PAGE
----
It was only much later, after she had relaxed into the warmth of her hot tub, that the full impact of seeing Tsubomi again hit Yaya. Seeing Tsubomi again had almost been like seeing Hikari again. Both women were too closely associated in Yaya's memories.
After Hikari had become Etoile along with Amane, Yaya had fallen into a deep depression. It was bad enough having to see the girl she loved carry on openly with someone else; what made it worse was that she couldn't even afford to indulge her grief. Showing her pain would have only detracted from Hikari's happiness.
In the end, the only one who had understood her had been Tsubomi. Tsubomi, who despite having been a loud, obnoxious and unruly child then, had stubbornly stayed by Yaya's side day after day. She hadn't said anything, hadn't asked anything, just sat quietly next to Yaya while Yaya had suffered. Yaya had never acknowledged Tsubomi's presence at the time; had been quite beyond acknowledging anything apart from her grief actually. But some distant, still-functional part of her wounded psyche had derived comfort from the pink-haired girl's quiet companionship.
The comfort hadn't been enough though. By the end of the winter term, Yaya had decided to transfer to another school. Hikari had been extremely distressed, but hardly devastated (she had had Amane to comfort her, after all). And that was all Yaya had needed to see to know that she had made the right decision. She had never bothered to check then how Tsubomi had felt.
And now, after five years of virtually zero contact, the younger girl was back in Yaya's life. Yaya wasn't sure yet how she ultimately felt about that fact. But then again, she mused, what better way to find out if I've really managed to move on after all these years? With a troubled sigh, she sank deeper into the tub's comforting warmth.
Okuwaka Tsubomi lay on her bed, mind too restless to sleep. Seeing Yaya again after five years (on a stage of all things! - as if her mere presence hadn't been overwhelming enough) had knocked the breath out of her. Wild, rebellious Yaya, with her flowing hair and mocking eyes. And, dear God, when she'd opened her mouth - Tsubomi had realized then how inadequate a vehicle a choir had been for that voice - the voice of a fallen angel had come out, singing of love and loss and lust, and Tsubomi had nearly fled from it, hearing the raw emotion still coming through after five long years.
But she'd managed to stay, and maintain her composure, and not look like a total idiot. At least having been the Spica Student Council President in her final year had trained her for some things. That, and having had to fill Yaya's role as Hikari's best friend and protector in the black-haired girl's absence.
Yaya's departure had been a deeply painful time for Tsubomi, for many reasons. Although Hikari had mourned the loss of her best friend for a good while, Tsubomi had discovered that a large part of Hikari's dependence on Yaya had been impersonal - and therefore transferable. In the absence of Yaya, Hikari had simply and automatically turned to Tsubomi. Tsubomi had been greatly depressed by this, had initially felt outraged on Yaya's behalf, but had quickly and sadly resigned herself to the fact that it was simply Hikari's nature. She had accepted her role as co-protector of Hikari after that, although she had only carried out the role in allegiance to Yaya. It was then that she had "grown up" - between herself and Hikari, only one of them could have afforded to remain a child.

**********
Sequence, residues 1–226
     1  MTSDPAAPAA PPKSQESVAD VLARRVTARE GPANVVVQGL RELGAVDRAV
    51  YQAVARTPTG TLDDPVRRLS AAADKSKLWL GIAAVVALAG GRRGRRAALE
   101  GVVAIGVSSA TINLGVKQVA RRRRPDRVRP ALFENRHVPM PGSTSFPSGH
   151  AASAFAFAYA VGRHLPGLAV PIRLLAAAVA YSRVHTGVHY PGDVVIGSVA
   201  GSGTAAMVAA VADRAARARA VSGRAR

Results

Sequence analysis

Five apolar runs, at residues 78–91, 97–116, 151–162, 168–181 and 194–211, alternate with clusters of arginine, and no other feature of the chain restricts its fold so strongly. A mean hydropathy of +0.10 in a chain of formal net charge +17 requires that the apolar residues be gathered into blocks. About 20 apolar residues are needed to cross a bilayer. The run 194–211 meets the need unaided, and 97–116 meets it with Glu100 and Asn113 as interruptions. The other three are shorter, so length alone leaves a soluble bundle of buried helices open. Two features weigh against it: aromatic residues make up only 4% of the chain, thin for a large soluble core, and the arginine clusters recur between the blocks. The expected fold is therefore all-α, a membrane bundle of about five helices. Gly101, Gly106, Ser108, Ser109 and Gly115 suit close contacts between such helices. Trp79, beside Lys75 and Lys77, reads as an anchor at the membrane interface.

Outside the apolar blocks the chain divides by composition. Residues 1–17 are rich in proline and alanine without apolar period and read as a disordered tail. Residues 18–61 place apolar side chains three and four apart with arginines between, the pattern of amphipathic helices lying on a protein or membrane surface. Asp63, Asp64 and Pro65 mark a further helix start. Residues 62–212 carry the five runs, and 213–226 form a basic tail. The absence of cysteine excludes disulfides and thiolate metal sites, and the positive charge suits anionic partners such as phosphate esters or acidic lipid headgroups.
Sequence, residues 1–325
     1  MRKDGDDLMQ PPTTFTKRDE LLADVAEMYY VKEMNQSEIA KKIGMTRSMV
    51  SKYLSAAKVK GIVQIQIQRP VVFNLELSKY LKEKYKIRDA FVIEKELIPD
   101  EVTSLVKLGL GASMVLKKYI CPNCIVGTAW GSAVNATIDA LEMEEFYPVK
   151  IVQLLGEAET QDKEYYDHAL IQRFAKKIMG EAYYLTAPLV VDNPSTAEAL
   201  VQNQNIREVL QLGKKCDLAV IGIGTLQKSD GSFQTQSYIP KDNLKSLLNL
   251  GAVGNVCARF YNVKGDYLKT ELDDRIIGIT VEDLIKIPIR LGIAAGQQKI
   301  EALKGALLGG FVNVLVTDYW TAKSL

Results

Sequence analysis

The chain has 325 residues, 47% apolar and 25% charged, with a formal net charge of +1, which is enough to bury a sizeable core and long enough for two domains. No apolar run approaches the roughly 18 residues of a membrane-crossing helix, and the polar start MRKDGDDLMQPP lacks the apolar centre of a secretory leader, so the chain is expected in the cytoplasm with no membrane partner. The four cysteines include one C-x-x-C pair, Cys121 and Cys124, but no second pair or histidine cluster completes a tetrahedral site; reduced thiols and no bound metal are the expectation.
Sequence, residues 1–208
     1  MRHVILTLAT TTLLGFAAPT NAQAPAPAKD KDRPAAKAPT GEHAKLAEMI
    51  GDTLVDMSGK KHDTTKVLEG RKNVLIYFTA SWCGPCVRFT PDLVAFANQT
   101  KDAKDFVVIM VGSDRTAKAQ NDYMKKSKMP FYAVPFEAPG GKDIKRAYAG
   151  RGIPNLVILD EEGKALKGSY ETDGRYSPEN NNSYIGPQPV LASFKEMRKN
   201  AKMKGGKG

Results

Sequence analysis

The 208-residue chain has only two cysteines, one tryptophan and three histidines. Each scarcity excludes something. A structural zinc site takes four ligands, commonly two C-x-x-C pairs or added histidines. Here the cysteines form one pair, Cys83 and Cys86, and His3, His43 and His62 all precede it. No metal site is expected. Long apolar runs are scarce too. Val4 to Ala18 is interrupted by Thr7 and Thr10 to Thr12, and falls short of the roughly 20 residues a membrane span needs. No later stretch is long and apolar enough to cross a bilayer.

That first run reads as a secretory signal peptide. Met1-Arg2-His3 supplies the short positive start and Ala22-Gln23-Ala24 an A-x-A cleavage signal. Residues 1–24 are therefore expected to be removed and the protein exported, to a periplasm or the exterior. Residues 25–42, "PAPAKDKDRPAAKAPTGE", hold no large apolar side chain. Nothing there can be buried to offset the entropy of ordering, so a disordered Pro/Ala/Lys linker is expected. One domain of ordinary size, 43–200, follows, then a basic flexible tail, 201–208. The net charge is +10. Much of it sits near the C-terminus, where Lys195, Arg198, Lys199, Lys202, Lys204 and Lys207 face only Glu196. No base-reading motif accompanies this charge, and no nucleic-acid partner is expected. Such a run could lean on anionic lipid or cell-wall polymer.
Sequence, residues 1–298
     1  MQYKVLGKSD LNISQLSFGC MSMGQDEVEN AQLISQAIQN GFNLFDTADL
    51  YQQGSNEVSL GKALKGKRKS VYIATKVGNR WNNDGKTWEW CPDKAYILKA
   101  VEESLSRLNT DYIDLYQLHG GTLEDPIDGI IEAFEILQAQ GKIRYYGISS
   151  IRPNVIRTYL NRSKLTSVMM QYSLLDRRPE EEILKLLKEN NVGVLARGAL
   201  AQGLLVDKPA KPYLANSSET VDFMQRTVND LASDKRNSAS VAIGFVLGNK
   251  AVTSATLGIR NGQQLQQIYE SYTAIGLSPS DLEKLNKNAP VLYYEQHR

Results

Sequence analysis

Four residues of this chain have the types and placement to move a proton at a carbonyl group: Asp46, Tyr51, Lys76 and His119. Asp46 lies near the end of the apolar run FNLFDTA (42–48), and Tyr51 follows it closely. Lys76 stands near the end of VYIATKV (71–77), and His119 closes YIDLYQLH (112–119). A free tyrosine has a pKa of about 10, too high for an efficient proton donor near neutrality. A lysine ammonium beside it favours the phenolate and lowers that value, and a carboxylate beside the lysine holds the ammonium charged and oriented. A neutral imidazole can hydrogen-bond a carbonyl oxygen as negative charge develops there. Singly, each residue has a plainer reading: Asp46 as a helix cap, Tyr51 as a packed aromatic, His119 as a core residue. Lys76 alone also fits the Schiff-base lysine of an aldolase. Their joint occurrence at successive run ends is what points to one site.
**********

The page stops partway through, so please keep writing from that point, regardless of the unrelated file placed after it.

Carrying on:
And then there was the fact that she had missed Yaya terribly. She couldn't have articulated it at the time, what she'd felt for the older woman, who had acted more like a taunting, bullying older sister towards her. She only knew that hearing Yaya's voice in song opened a floodgate of inchoate yearning in her that was as beautiful as it was terrible, and that seeing the flash in Yaya's eyes made her think of open seas and open skies and everything else that reminded her of freedom. The only reason Tsubomi had ever been able to forgive Yaya for leaving Spica was the memory of those eyes without their sparkle. She had never wanted to see that haunted look on Yaya's face again, and so had let the older woman leave without rebuke, without restraint, without...goodbye.
And now, five years had passed, and although Yaya no longer looked haunted, neither did she appear carefree. The aura of defiance had gone, had been replaced by an air of cautious restraint, like one afraid to touch and afraid of touch. The only time she'd let go of that restraint, Tsubomi had observed, had been when she had been singing. It was only then that she looked free.
Tsubomi sighed. After five years, she had grown more than capable of articulating what she had felt - and still felt - for Yaya. The problem lay in determining what it was that Yaya felt - towards Hikari, towards Tsubomi, or perhaps even towards someone else. Yaya was a magnetic woman after all; Tsubomi couldn't very well assume the older woman was still available.